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Well the dog would alert me WHEN to take the medication. I don't think taking advil every 5 hours a day as a preventative every day is very healthy nor practical, do you? I've read some Migraine Alert dogs are trained to fetch the medication, turn lights off, etc...If I had another 4-day migraine, obviously I would contact someone to care for the dog. What exact task are therapy dogs providing? Couldn't a someone just get comfort/therapy from another human?
 

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Therapy dogs are not service dogs. They do not have the same rights as service dogs. They are not task trained.

To have a service dog you must be disabled. Really not being rude, but if you're using OTC Advil to treat your migraines, that does not make you disabled. A disability is something that causes a significant impairment in your everyday life. I would bet that these migraine dogs are being used by people that are having daily unpredictable migraines that render them unable to function in a matter of minutes, necessitating the medication retrieval and turning lights off. If you are having an aura (I get them about 50% of the time as well) then THAT is when you take the medication- I keep my maxalt in my purse and will take two the second I start to notice an aura beginning. If they can be as infrequent as a few times a month, then prevention/ mitigation is really your best bet. There are a TON of different medication classes, as well as diagnostic tools like CAT scans, allergy testing, ect. ect. These should all be your "first resort," so to speak.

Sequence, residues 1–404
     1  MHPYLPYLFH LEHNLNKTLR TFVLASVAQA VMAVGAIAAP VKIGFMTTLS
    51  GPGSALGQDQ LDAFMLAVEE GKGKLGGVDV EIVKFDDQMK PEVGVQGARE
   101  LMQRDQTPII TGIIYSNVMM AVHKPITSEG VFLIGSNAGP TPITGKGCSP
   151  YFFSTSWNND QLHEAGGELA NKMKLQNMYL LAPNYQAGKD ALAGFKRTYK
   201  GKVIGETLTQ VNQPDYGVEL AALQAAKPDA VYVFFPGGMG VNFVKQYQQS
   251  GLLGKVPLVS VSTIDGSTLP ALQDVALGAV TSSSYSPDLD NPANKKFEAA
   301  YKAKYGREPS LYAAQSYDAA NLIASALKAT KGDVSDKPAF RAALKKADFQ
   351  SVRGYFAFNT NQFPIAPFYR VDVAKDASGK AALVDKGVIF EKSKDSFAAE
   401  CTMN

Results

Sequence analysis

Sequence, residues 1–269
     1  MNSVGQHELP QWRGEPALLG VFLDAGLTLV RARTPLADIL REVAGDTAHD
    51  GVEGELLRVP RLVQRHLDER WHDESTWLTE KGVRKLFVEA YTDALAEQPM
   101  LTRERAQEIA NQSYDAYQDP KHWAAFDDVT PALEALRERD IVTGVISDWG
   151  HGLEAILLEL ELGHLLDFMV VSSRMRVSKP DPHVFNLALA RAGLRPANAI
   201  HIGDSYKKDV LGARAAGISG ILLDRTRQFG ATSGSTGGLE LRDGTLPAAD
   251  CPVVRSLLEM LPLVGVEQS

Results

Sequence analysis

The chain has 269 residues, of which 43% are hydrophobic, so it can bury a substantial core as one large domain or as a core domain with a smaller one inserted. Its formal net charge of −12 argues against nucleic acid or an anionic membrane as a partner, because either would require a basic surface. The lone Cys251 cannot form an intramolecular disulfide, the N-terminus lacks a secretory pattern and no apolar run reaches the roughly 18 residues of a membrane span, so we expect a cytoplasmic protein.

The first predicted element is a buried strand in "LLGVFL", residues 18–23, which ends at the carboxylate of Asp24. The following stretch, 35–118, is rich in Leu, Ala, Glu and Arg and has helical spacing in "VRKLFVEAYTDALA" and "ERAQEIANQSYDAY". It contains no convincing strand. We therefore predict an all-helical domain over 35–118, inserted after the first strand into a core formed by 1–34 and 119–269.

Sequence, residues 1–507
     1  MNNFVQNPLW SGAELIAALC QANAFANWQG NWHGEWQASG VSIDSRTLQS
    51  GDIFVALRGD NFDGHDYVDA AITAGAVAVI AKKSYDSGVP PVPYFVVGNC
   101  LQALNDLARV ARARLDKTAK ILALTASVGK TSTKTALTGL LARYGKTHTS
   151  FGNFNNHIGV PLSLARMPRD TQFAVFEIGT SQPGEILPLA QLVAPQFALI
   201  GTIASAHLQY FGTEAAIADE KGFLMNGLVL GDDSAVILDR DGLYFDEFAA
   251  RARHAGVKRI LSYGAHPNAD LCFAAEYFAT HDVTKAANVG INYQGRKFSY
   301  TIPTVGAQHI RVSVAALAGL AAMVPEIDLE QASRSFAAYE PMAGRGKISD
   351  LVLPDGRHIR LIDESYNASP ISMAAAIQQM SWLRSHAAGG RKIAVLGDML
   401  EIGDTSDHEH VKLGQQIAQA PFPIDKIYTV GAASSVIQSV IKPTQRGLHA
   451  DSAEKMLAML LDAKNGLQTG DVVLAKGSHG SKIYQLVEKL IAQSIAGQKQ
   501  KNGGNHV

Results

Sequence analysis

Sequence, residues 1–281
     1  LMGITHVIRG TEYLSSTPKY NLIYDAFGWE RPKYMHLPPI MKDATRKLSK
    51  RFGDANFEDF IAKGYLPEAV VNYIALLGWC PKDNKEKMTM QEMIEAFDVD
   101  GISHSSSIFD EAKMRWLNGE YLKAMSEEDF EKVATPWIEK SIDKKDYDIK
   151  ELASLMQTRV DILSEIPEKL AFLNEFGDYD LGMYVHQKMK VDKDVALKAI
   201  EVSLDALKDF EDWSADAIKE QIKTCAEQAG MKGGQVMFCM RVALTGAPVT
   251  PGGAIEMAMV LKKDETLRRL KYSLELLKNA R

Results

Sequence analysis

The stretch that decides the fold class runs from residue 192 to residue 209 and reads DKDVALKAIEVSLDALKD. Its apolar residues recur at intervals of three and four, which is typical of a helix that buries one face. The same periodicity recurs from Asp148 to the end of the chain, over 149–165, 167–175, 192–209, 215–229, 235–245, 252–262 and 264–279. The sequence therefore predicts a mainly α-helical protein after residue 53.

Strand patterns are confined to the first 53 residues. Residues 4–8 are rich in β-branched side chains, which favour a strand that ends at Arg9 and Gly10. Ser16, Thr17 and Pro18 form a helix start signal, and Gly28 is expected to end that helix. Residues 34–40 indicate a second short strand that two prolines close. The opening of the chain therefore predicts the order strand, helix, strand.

Hopefully Xeph will chime in, she has an OT SD.
 

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Discussion Starter #7
I take advil right when I get an aura and it usually prevents it. but half the time I don't get an aura. I do have a prescription medication although it doesn't help if the migraine has hit already (which it is supposed to do). The thing is...I..AM disabled. I can't hardly function when I get these migraines. The pain is excruciating, I'm dizzy & disoriented. I can't really do much at all. And when this happens every day of the week, its terrible. I have had cat scans as well as allergy tests done.
 

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I really don't think a dog can know before a migraine hits. If you are only on advil, I doubt you really have as bad of a problem as you make it sound.

I'm sorry, but I've lived with migrains, racing heart beat, dyslexia, twisted spine, and bad joints, I've been on, and am still on more medication than most people my age. My mom pulled me out of school and homeschooled me, so we could work around the doc, and my pain.

I see so many fake service dogs, because people just want to take there dog with them every where. The truth is, it causes problems for people who really do need them.
 

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Right, but what task would the service dog be providing? If you already have the ability to take your medication early enough to prevent a migraine, why not just do that?